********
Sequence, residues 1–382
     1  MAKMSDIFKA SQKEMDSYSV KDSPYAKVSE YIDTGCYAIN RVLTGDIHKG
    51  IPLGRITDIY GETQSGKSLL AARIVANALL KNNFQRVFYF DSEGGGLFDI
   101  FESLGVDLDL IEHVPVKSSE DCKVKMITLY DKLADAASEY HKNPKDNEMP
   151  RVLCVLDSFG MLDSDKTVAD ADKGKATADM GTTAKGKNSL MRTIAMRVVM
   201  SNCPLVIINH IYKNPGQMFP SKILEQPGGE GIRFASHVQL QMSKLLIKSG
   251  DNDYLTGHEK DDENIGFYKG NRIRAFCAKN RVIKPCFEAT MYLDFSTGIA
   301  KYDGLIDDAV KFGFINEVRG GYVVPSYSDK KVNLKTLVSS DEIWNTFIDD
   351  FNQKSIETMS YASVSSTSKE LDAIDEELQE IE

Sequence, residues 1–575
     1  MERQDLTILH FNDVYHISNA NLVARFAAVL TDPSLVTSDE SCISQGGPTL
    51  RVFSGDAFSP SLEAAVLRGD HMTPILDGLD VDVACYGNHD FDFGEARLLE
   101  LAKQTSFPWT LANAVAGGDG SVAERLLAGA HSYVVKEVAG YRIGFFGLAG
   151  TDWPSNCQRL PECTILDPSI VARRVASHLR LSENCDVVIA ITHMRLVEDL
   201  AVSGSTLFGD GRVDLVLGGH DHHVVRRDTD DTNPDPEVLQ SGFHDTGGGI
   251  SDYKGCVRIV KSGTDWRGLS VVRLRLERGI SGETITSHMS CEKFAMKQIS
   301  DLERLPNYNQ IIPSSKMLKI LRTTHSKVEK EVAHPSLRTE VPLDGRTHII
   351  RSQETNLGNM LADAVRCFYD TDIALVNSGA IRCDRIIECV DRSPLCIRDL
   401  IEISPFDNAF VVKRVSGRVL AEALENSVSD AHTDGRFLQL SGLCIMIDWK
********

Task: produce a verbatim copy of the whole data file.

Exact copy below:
Sequence, residues 1–382
     1  MAKMSDIFKA SQKEMDSYSV KDSPYAKVSE YIDTGCYAIN RVLTGDIHKG
    51  IPLGRITDIY GETQSGKSLL AARIVANALL KNNFQRVFYF DSEGGGLFDI
   101  FESLGVDLDL IEHVPVKSSE DCKVKMITLY DKLADAASEY HKNPKDNEMP
   151  RVLCVLDSFG MLDSDKTVAD ADKGKATADM GTTAKGKNSL MRTIAMRVVM
   201  SNCPLVIINH IYKNPGQMFP SKILEQPGGE GIRFASHVQL QMSKLLIKSG
   251  DNDYLTGHEK DDENIGFYKG NRIRAFCAKN RVIKPCFEAT MYLDFSTGIA
   301  KYDGLIDDAV KFGFINEVRG GYVVPSYSDK KVNLKTLVSS DEIWNTFIDD
   351  FNQKSIETMS YASVSSTSKE LDAIDEELQE IE

Sequence, residues 1–575
     1  MERQDLTILH FNDVYHISNA NLVARFAAVL TDPSLVTSDE SCISQGGPTL
    51  RVFSGDAFSP SLEAAVLRGD HMTPILDGLD VDVACYGNHD FDFGEARLLE
   101  LAKQTSFPWT LANAVAGGDG SVAERLLAGA HSYVVKEVAG YRIGFFGLAG
   151  TDWPSNCQRL PECTILDPSI VARRVASHLR LSENCDVVIA ITHMRLVEDL
   201  AVSGSTLFGD GRVDLVLGGH DHHVVRRDTD DTNPDPEVLQ SGFHDTGGGI
   251  SDYKGCVRIV KSGTDWRGLS VVRLRLERGI SGETITSHMS CEKFAMKQIS
   301  DLERLPNYNQ IIPSSKMLKI LRTTHSKVEK EVAHPSLRTE VPLDGRTHII
   351  RSQETNLGNM LADAVRCFYD TDIALVNSGA IRCDRIIECV DRSPLCIRDL
   401  IEISPFDNAF VVKRVSGRVL AEALENSVSD AHTDGRFLQL SGLCIMIDWK